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Indian J Orthop. 2018 Sep-Oct;52(5):489-500. doi: 10.4103/ortho.IJOrtho_607_17.

Cervical Spine Evaluation in Pediatric Trauma: A Review and an Update of Current Concepts.

Author information

1
Department of Orthopedic Surgery, Postgraduate Institute of Medical Education and Research, Chandigarh, India.
2
Department of Neurological Surgery, The Ohio State University Wexner Medical Center, Columbus, Ohio, USA.
3
Department of Pediatric Orthopedics, Cincinnati Children's Hospital, Cincinnati, Ohio, USA.

Abstract

The clinical presentation and diagnostic workup in pediatric cervical spine injuries (CSI) are different from adults owing to the unique anatomy and relative immaturity. The current article reviews the existing literature regarding the uniqueness of these injuries and discusses the current guidelines of radiological evaluation. A PubMed search was conducted using keywords "paediatric cervical spine injuries" or "paediatric cervical spine trauma." Six hundred and ninety two articles were available in total. Three hundred and forty three articles were considered for the review after eliminating unrelated and duplicate articles. Further screening was performed and 67 articles (original articles and review articles only) related to pediatric CSI were finally included. All articles were reviewed for details regarding epidemiology, injury patterns, anatomic considerations, clinical, and radiological evaluation protocols. CSIs are the most common level (60%-80%) for pediatric Spinal Injuries (SI). Children suffer from atlantoaxial injuries 2.5 times more often than adults. Children's unique anatomical features (large head size and highly flexible spine) predispose them to such a peculiar presentation. The role of National Emergency X-Ray Utilization Study, United State (NEXUS) and Canadian Cervical Spine Rule criteria in excluding pediatric cervical injury is questionable but cannot be ruled out completely. The minimum radiological examination includes 2- or 3-view cervical X-rays (anteroposterior, lateral ± open-mouth odontoid views). Additional radiological evaluations, including computerized tomography (CT) and magnetic resonance imaging (MRI) are obtained in situations of abnormal physical examination, abnormal X-rays, inability to obtain adequate X-rays, or to assess cord/soft-tissue status. The clinical criteria for cervical spine injury clearance can generally be applied to children older than 2 years of age. Nevertheless, adequate caution should be exercised before applying these rules in younger children. Initial radiographic investigation should be always adequate plain radiographs of cervical spine. CT and MRI scans should only be performed in an appropriate group of pediatric patients.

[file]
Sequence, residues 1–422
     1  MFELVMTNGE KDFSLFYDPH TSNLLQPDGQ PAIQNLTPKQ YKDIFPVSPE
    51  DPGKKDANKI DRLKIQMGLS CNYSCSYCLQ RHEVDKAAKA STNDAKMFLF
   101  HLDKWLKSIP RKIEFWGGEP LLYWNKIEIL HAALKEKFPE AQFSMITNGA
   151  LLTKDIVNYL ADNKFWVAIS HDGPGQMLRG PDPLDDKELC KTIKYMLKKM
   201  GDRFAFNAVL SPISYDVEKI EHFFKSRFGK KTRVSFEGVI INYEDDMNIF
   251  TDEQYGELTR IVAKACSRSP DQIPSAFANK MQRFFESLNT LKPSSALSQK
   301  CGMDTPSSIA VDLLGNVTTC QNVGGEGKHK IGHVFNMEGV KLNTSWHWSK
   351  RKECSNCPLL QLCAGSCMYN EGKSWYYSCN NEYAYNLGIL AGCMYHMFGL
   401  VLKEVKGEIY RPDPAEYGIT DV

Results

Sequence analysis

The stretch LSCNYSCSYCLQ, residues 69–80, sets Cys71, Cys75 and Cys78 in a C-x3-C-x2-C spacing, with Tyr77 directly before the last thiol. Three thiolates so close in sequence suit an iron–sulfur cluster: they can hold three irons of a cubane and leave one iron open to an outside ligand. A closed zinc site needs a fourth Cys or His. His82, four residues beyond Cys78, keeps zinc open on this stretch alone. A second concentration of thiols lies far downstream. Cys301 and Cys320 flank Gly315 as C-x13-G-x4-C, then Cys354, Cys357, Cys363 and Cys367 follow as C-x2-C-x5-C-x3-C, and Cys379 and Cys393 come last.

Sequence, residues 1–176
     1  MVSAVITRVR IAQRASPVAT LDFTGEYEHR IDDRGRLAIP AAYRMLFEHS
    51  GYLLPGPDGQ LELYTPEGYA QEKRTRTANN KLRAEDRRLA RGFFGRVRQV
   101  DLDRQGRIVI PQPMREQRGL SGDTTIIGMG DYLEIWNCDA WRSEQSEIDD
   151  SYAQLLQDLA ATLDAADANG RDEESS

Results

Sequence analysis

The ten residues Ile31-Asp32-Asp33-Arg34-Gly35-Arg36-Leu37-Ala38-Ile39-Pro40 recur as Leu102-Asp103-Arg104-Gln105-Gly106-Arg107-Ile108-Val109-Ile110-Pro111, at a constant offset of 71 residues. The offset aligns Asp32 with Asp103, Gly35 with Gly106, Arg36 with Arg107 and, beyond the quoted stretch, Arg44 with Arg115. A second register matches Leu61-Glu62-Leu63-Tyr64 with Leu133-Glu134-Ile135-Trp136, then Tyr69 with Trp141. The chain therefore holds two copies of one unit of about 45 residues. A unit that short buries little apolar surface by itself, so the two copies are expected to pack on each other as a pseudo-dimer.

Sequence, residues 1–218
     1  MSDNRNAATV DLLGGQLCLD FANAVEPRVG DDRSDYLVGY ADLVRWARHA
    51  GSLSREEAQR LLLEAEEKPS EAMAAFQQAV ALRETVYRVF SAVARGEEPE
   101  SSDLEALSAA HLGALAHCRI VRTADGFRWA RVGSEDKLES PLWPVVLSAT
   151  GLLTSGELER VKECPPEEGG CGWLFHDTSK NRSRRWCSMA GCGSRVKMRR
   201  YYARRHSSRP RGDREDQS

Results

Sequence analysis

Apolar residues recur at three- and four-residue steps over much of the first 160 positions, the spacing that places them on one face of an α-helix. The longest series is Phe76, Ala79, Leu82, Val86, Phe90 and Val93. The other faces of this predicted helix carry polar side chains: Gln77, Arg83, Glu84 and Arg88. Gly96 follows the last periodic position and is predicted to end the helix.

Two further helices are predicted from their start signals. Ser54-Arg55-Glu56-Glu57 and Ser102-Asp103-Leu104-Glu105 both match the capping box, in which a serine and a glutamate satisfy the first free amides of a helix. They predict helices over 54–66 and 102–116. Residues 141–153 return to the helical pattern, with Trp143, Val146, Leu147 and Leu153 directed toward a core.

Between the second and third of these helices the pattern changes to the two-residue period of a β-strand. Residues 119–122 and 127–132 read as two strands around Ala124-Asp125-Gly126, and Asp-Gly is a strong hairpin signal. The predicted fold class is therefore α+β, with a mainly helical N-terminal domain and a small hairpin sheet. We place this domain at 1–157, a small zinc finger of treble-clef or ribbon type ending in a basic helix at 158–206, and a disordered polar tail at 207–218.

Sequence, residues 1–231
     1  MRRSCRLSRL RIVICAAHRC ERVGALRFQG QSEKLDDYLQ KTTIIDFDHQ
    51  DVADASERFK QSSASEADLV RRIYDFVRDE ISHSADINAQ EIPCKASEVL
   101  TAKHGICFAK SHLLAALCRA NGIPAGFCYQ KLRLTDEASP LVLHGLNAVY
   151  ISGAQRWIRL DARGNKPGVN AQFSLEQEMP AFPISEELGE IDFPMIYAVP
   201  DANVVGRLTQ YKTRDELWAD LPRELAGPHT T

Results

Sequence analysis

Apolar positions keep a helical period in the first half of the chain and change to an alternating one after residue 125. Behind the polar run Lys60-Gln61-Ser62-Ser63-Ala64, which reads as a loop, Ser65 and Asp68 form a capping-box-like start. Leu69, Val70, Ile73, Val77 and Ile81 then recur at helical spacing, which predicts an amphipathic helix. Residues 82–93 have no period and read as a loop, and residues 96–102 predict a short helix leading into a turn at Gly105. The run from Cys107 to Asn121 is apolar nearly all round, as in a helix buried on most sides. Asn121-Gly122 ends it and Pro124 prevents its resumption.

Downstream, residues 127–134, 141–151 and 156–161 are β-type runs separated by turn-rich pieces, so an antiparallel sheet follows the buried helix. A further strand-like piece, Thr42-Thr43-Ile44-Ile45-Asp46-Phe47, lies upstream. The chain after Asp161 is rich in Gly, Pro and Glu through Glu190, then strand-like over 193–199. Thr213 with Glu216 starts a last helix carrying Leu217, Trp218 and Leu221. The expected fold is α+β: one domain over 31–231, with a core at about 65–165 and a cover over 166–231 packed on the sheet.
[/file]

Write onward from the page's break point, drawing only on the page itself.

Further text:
KEYWORDS:

Anatomical features; Clinical Decision Rules; Pediatrics; anatomy; cervical vertebrae; pediatric cervical spine injuries; spinal cord injuries; spinal cord injury without radiological anomaly

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